Jakarta : Vast majority for censuring President


Parliament’s move makes it unlikely for Gus Dur to finish his term but no backlash from supporters as feared.

President Abdurrahman Wahid faces likely impeachment after legislators voted overwhelmingly yesterday to issue a second censure against him, after hours of gruelling debate when they accused him of corruption and failing to live up to the demands of his job.

In a late evening open vote at Parliament, 363 legislators voted to censure him while 52 opposed the move and 42 – primarily representatives from the military – abstained.

The issue of a second censure memorandum, which increases the likelihood that Mr Abdurrahman will not complete his term, is also likely to see a scramble for new alliances in the political elite with his deputy, Ms Megawati Sukarnoputri, who would take over.

That process could mean political uncertainty in the months ahead for a country still threatened by mass violence and struggling to recover economically.

But even though Jakarta was again on edge, the day passed peacefully.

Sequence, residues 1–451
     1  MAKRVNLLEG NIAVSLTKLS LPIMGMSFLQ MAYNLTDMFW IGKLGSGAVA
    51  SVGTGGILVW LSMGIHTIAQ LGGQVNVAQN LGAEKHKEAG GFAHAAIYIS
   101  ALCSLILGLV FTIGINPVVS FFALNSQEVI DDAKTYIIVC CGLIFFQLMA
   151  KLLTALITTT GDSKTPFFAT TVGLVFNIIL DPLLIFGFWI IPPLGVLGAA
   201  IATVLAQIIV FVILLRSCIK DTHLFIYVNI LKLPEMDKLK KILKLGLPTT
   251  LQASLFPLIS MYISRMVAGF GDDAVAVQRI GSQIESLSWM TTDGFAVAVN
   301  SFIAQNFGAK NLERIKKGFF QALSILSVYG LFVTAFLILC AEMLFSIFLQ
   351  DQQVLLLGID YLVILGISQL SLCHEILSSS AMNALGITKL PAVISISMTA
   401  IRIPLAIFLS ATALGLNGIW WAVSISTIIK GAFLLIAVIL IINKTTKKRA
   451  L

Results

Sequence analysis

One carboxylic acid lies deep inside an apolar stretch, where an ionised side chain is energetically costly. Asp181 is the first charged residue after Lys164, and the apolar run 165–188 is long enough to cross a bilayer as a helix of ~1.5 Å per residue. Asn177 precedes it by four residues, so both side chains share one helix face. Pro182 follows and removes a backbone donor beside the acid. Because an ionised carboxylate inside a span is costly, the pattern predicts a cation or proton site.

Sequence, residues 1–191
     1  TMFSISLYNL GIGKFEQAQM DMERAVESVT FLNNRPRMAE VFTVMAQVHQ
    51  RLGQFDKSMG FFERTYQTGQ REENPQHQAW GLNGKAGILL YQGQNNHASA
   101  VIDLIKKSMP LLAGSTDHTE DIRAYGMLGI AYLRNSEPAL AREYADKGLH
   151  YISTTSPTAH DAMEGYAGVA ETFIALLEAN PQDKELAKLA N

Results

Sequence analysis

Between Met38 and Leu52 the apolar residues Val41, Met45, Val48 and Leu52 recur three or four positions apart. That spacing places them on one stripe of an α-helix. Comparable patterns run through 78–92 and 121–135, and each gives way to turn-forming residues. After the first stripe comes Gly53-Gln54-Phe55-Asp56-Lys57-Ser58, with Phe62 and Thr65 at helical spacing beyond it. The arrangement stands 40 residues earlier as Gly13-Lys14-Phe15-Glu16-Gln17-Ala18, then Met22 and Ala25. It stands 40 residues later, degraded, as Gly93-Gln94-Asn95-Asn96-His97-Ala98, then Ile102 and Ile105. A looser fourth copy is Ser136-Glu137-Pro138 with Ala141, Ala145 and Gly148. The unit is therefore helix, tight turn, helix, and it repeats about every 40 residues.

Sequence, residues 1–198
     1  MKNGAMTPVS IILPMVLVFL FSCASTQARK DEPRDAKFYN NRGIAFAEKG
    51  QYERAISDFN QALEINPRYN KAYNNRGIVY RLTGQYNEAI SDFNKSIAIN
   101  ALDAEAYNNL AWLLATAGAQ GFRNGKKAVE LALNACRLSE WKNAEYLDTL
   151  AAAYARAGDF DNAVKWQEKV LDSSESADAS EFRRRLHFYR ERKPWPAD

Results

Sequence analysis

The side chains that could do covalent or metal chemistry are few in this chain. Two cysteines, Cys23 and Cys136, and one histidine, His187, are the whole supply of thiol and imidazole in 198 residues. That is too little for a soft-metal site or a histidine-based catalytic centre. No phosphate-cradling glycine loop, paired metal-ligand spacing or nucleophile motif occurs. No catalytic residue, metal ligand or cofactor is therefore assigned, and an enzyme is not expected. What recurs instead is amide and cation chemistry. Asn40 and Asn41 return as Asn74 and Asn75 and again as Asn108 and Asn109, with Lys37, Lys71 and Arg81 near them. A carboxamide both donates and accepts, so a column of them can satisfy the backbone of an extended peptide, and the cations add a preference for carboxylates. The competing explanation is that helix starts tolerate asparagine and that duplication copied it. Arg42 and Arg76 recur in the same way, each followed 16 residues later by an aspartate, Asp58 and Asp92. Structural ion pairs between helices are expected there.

And there was no backlash from supporters of the President – including suicide squads – who had threatened to wreak havoc should Parliament censure him and set the impeachment process in motion.

Security forces sealed off the Parliament complex with men, iron barricades and razor-sharp wires.

A potentially bloody conflict was averted when thousands of his supporters pulled back from a planned march to Parliament.

With the exception of a 6,000-strong rally at the National Monument, the security presence and morning rain appeared to have put paid to whatever plans his supporters might have had.

Loyalists at the presidential palace yesterday rejected the censure as “unconstitutional” and vowed that the 60-year-old leader would serve out the remainder of his term until 2004.

But the legislators had their own ideas.

Seven of the 10 parliamentary factions, led by the two largest – the Indonesian Democratic Party-Struggle (PDI-P) and Golkar – endorsed a second censure swiftly.

Only his Nation Awakening Party and another minor faction defended him.

The armed forces tried to maintain neutrality by not stating if it wanted a second censure. But its representatives indicated that it would go along with the majority.

Legislators who spoke accused Mr Abdurrahman of failing to respond adequately to the first censure issued in February. He was also criticised for not mending the battered economy and failing to stop separatist and communal tensions.

His implied threat to resort to violence to stay in power also angered them.

PDI-P legislator Dwiria Latifa noted: “Such threats are not what we expect from the President of this country.”

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